Tennessee congressmen failing Ukraine challenge

October 24, 2023 6:00 am
Tennessee Congressional District 5 U.S. Rep. Andy Ogles. (Photo: John Partipilo)

Tennessee Congressional District 5 U.S. Rep. Andy Ogles. (Photo: John Partipilo)

You may have noticed that Republicans in the U. S. House extracted a price for keeping the government open through mid-November. That price was that there would be no additional Ukraine assistance in the legislation, known in Congress-speak as a continuing resolution.  President Joe Biden insisted a separate bill advancing the aid would go forward and last week asked Congress to approve a funding package to provide humanitarian aid to Ukraine, Israel and other countries. 

Nevertheless, a growing share of Republican legislators, with several Tennesseans in the lead, are waffling on our commitments to Ukraine, to democracy, and to thwarting Russian President Vladimir Putin’s aggression.   

The biggest land war since World War II is playing out right now in Ukraine. It may well prove to be the moral, democratic, and military challenge of this generation, and at least three Tennessee members of Congress are failing that challenge.

The National Defense Authorization Act, that effectively serves our nation’s military budget, recently came up for a series of votes — and votes on some proposed amendments were quite revealing about our congressmen.  The most disturbing was an amendment from Rep. Matt Gaetz, R- Fla., that flat out would have prohibited U. S. security assistance to Ukraine. It failed by a lopsided 70-358 margin, but three Tennessee members of Congress — U.S. Rep.  Diana Harshbarger, U.S. Rep. Tim Burchett, and U.S. Rep. Andy Ogles, all Republicans — voted for it.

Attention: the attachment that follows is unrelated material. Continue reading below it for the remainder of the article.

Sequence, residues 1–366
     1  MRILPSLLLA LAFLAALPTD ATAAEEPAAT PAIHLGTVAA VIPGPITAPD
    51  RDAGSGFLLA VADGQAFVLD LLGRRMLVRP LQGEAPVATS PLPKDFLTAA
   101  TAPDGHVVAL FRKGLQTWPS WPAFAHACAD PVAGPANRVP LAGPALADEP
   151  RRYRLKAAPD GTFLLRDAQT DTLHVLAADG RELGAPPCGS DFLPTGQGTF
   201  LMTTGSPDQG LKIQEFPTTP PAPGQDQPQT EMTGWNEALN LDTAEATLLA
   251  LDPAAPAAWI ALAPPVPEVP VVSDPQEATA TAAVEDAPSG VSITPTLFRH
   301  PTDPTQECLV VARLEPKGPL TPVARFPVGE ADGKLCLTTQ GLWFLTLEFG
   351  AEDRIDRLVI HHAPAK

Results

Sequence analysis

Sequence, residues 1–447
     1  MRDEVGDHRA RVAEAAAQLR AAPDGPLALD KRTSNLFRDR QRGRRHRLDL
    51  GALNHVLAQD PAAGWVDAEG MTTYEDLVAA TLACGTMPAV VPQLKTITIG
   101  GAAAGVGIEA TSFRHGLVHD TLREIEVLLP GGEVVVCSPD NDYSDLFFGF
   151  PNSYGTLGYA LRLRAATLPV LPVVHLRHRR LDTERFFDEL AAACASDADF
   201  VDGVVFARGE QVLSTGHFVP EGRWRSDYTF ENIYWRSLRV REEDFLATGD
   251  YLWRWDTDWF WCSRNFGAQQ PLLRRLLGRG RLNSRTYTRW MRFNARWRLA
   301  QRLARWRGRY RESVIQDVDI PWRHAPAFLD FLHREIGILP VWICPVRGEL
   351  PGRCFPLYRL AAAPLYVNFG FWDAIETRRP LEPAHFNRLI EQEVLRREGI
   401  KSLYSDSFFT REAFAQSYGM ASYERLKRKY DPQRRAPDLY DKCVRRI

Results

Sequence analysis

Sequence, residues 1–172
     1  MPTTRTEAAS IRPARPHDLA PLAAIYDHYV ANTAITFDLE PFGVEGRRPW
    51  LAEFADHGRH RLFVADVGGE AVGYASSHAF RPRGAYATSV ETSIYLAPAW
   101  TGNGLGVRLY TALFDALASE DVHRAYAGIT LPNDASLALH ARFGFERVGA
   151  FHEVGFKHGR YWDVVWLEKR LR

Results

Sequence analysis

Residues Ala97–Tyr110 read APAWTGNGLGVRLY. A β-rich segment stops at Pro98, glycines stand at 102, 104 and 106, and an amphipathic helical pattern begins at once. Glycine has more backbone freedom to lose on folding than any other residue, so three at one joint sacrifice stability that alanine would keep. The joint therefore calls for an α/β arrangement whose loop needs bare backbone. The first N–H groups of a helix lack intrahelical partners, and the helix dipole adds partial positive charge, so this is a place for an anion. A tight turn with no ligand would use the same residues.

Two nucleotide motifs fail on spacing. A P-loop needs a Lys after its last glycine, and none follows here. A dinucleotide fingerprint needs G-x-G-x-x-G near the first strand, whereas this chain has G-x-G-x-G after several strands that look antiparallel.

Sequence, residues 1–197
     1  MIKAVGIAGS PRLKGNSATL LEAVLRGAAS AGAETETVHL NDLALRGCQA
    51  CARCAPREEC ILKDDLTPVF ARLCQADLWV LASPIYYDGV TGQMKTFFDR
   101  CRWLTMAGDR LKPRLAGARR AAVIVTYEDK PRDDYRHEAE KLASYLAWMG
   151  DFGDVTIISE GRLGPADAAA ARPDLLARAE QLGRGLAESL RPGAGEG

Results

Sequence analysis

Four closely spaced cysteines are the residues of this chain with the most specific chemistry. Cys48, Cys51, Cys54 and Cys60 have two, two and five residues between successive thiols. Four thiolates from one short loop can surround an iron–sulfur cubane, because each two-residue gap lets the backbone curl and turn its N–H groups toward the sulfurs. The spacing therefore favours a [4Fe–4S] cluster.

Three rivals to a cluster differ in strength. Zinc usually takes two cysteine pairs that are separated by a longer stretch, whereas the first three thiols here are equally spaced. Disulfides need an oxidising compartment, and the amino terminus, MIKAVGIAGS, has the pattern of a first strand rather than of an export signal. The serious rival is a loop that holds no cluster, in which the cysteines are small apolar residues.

Another amendment, striking the section of the bill extending lend-lease authority to Ukraine, fell by a similar lopsided majority, but the same trio of Tennessee congressmen voted for it. Yet another amendment, this one sponsored by the infamous Rep. Marjorie Taylor Greene of Georgia would eliminate plans to create a military training operation, known as a Center of Excellence, in Ukraine. This time U.S. Rep. Mark Green joined Burchett and Harshbarger in voting to delete that resource. Ogles did not vote.

Three members of Tennessee’s federal delegation — U.S. Reps. Diana Harshbarger, District 1; Tim Burchett, District 2; and Andy Ogles, District 5 — voted for an amendment proposed by Florida Republican Matt Gaetz to prohibit U.S. security assistance to Ukraine.

Ogles, however, authored his own particular horror, HR 4799. Its summary declares it will “prohibit assistance under the Ukraine Security Assistance Initiative until the President certifies to Congress that the Government of Ukraine is not providing funding, equipment, training, fuel, or other support to the Russian Volunteer Corps, the Azov Battalion, or any other neo-Nazi militia.” If that wording sounds odd, that’s because it mirrors that thin tissue of lies Putin used to justify his invasion of Ukraine. The amendment quietly was sent to die in two committees.